I think what was meant in the data you have is that it is difficult
to cut a 3D object with precision. The greater the desired
precision, the more passes you will have to make. Here's a simple
Imagine cutting half of a sphere out. You are using a standard 1/4"
end-mill. You would sneak up on the shape by cutting circles at
varying depths, such that the bottom edge of the cutter just touched
the desired finished hemisphere, with extra passes to hog out the
other material. Just how close that you get to the shape of the
hemisphere depends on the number of passes that you make. At any
rate you will end up with a staircase effect. You can smooth this
out considerably by choosing a ball end-mill for your last few
passes. If, for example you wanted half of a one-inch sphere,
accurate to within .01" you would need to describe about 35 circles
over its surface for the finishing pass alone. You won't cut this in
an hour or two on a Sherline (unless you make some special tooling -
specifically for this job). Now, just suppose that you had switched
to a 1/4" ball end-mill. What happens at the bottom of your cut?
You need to go to smaller and smaller ball end-mills or switch to a
standard end-mill to finish off the last 1/8" of the project to get
the accuracy you desire.
As the shape gets more complex, and the detail finer, you must use
smaller tools. This dramatically increases your chances of breakage,
and the time that it will take to do the project.
There are software packages (add meshcam to your list) that will
generate the tool paths for you, but have lots of coffee on hand to
do the job.
If you are thinking along the lines of production quantities some
things you may consider is using the mill to make a 3D mold for an
item. Roughing on the mill, and hand finishing is another option.
Cutting shapes in 2 1/2D, then heating and forming into a 3D object
is yet another. A final suggestion would be using the mill to detail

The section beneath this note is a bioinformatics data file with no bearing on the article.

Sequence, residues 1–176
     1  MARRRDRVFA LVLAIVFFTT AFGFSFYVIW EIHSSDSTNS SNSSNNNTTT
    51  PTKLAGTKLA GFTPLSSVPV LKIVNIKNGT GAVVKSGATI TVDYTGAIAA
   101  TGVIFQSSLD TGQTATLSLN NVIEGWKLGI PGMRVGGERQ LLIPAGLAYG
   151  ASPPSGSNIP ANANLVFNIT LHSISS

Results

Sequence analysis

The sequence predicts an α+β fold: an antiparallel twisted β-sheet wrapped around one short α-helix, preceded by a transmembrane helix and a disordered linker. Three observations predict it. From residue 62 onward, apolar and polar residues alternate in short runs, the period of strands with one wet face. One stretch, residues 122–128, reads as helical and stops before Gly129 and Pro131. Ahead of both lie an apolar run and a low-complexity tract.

a moulded blank.
With this in mind, I am in agreement that a mill can't totally
manufacture a true 3D object. At some point in the process you'll
have to unleash the artist inside.
--- In SherlineCNC@yahoogroups.com
, "Andrew Werby" <a.werby@c...>
> Message: 2
> Date: Mon, 01 Mar 2004 14:50:08 -0000
> From: "Bryan Hassing" <bryanh@l...>
> Subject: CNC milling limitations?
> In a previous post, someone invoked the somewhat humorous "face in a
> plaque" project as something CNC milling cannot provide. What
> limitation of CNC milling does this refer to? I have seen how CNC
> milling can yield complex shapes with milling in the X and Y axes
> only. Is the inclusion of varying Z-axis elevations a significant
> limiting factor with current CNC programs? For example, could one
> machine half of an egg-shape using current CNC programs? Thanks.
> [That's not a limitation for most of the CAM programs I've used,
> which I sell through my site. CNC programs are different; they just
> machines, and don't write programs. For that, you use a CAM
> Assisted Machining) program to convert a model to a toolpath
> feed the resulting G-code file to the CNC program. A face in a
plaque is a
> common sort of project, and half an egg (or a whole one, for that
> no big deal. If you've got a CNC mill with live x, y, and z axes,
> you need is a model in STL format and a CAM program like DeskProto.
> don't have a model, download Rhino from www.rhino3d.com and produce
> the program will work until you've saved 15 times. (The egg is
> face might take some work.) Once you've got that, save it as an STL
> download DeskProto from www.deskproto.com . Its free demo will write
> toolpaths for a month so you can evaluate it on your machine. To do
> whole egg, if you don't have a 4th axis, try DeskProto's "2-side
> which will support the shape in a block and give you instructions
on how to
> set it up and flip it over so the back side registers with the
> milling does have some limitations- for instance, sharp inside
> undercuts are problematic- but this sort of thing is what it's good
> Andrew Werby